Ensure you are prepared for rapid weather changes, wildlife encounters, equipment breakdowns and accidents. For more safety info
- Avalanche Report
- Avalanche Terrain Ratings & Exposure Scale
- Backcountry Safety
- Wildlife Safety
- Winter Survival in the Backcountry booklet
Kananaskis Country has hundreds of kilometres of cross-country ski trails suitable to all ski levels and techniques – skate skiing, classic technique, skiing with dogs.
- Canmore Nordic Centre Provincial Park has many trails groomed for skate skiing.
- Other trails that are recommended for skate skiing include Mount Shark Trail and Terrace Trail, north of Kananaskis Village.
Dogs on Ski Trails
- Dogs are NOT permitted on the groomed ski trail system accessed via the Kananaskis Lakes Trail in Peter Lougheed Provincial Park or at the Canmore Nordic Centre.
- Dogs are allowed on non-groomed trails IF on a leash.
- Mount Shark is a recommended area for skiing with a dog on leash.
- You must remove your dog waste from the area.
Winter Trail Etiquette
- Watch out for accidental litter at lunch or snack breaks.
- Step off the track to let others by. Tuck in your poles when you pass.
- If you stop to eat, change clothing or take a photo, step off the trail.
- Yield to skiers coming downhill. It’s easier for an uphill skier to step off the trail than it is for the faster skier coming down.
- Carry a plastic bag and toilet paper for when nature calls and there’s no outhouse. Pack out your used paper and sanitary supplies.
- Professional guides are available to take you on a dog sledding or skijoring adventure.
- If you have your own dog sledding team, we recommend using West Side Road, directly west of the Spray Lakes Reservoir. Please ensure that you don’t interfere with commercial dog sled operations in the area.
Downhill Skiing and Snowboarding
- Nakiska Ski Resort, located a few minutes drive from Kananaskis Village
- Fortress Mountain with cat skiing is located 18 kilometres south of the Kananaskis Village access road.
- Check here for information on fat biking trails, etiquette and backcountry safety.
- Ice climbing is a popular sport in Kananaskis Country.
- Avalanche Terrain Exposure Scale – Ice Climbing
- Ice fishing is a popular winter activity in Spray Valley Provincial Park and Peter Lougheed Provincial Park.
- Alberta residents between 16 and 65 years must have an Alberta angling licence to fish. All non-residents must obtain an Alberta angling licence. Check Alberta Guide to Sportfishing Regulations for details.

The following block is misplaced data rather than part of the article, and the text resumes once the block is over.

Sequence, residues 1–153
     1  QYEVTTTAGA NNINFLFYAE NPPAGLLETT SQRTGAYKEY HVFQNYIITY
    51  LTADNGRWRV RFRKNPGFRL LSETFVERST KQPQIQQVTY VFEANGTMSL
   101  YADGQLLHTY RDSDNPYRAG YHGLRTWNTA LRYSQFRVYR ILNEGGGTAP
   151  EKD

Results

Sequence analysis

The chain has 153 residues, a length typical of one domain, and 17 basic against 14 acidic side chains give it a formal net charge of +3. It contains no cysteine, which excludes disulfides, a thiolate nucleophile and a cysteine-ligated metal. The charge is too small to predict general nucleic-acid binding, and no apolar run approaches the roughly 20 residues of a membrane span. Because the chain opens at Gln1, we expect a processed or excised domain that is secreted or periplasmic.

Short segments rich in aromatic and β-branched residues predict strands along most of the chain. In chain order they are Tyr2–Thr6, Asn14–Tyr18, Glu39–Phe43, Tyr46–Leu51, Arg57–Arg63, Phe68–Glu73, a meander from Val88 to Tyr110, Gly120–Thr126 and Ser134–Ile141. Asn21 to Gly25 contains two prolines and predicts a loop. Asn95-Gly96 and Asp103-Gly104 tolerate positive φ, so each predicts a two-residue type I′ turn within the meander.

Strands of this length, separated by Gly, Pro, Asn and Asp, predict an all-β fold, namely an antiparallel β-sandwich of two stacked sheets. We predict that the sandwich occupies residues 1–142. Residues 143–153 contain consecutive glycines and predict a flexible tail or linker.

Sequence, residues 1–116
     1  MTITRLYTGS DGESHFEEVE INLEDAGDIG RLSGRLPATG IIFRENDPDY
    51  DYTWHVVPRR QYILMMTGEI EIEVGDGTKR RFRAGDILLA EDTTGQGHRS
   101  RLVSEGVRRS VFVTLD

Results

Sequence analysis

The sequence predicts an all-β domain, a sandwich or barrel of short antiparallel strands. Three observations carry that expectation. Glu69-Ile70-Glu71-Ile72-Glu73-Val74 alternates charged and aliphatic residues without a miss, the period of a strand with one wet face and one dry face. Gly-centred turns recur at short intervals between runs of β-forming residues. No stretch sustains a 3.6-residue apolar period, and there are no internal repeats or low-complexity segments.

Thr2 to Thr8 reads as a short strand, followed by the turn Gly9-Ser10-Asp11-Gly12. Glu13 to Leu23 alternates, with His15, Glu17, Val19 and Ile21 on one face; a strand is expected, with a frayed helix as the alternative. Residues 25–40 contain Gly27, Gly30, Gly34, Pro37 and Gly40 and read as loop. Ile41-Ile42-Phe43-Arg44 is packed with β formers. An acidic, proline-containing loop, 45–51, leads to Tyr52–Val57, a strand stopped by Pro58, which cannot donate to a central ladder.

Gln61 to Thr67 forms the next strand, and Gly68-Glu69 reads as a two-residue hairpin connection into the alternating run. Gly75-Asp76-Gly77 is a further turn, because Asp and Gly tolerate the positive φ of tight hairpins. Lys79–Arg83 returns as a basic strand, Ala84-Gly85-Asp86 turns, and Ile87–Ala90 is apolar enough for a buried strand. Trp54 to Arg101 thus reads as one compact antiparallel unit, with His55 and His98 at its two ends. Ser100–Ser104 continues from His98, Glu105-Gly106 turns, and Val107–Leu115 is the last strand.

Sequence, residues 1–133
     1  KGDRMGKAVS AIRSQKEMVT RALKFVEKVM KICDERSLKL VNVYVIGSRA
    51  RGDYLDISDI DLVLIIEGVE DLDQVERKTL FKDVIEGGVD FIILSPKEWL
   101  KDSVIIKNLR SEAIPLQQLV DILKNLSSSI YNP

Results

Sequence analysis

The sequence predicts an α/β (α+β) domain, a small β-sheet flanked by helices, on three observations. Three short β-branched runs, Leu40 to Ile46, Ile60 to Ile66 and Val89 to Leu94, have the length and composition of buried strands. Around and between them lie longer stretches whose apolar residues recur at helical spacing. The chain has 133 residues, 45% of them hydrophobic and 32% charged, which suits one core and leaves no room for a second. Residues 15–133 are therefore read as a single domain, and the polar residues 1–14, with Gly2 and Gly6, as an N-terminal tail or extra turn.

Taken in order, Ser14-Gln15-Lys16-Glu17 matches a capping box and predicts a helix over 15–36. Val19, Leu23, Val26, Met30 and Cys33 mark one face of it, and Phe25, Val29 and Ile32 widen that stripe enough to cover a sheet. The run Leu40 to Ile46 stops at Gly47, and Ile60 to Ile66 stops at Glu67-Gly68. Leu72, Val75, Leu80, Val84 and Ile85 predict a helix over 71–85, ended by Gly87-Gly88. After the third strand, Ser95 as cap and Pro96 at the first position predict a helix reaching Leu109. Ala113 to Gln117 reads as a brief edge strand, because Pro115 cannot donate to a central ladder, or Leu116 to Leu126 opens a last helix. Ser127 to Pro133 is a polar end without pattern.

- Use caution on ice.
- There are outdoor skating options in Kananaskis Country, in particular Sheep River Provincial Park and Kananaskis Village.
- The Mount Shark trails network is the recommended area for skijoring.
- For additional information, search “Skijoring” in Trails.
Kananaskis Country has three snow vehicle areas with challenging trails.
- More than 200 kilometres of trails
- Winter camping facilities in McLean Creek Provincial Recreation Area
- Access from the campground to Off Highway Vehicle (OHV) trails in McLean Creek Off Highway Vehicle Public Land Use Zone
- Unloading ramps
- More than 100 kilometres of trails
- Picnic areas in Cataract Creek Provincial Recreation Area
More than 50 kilometres of trails
Snowshoeing is allowed on designated snowshoe trails or off groomed trails.
- To find these trails, search “snowshoe” and look for the “Snowshoeing” icon.
- Many trails allow dogs on leash to accompany snowshoers. Dogs are NOT permitted on Elk Pass Snowshoe Trail in Peter Lougheed Provincial Park.
- The designated snowshoe trails are designed for beginner or intermediate snowshoers. They are located in Simple-Class 1 Terrain. Review Avalanche Terrain Ratings for more detailed information.
- If you are not experienced in winter travel in the backcountry, stay on these marked trails.
- Do NOT snowshoe or walk on the ski tracks when you are on a trail shared with skiers. Travel along the edge of the ski trail.
Backcountry Snowshoeing Safety
If you are experienced and equipped for winter backcountry travel, you may snowshoe on other trails or areas. If you venture off marked trails you should have significant experience and confidence with
- Route finding
- Winter travel
- Dealing with natural hazards such as avalanches, cold temperatures and short days
Ensure that you let others know your route and return time. There are no “trail sweeps” by patrollers or Conservation Officers at the end of the day.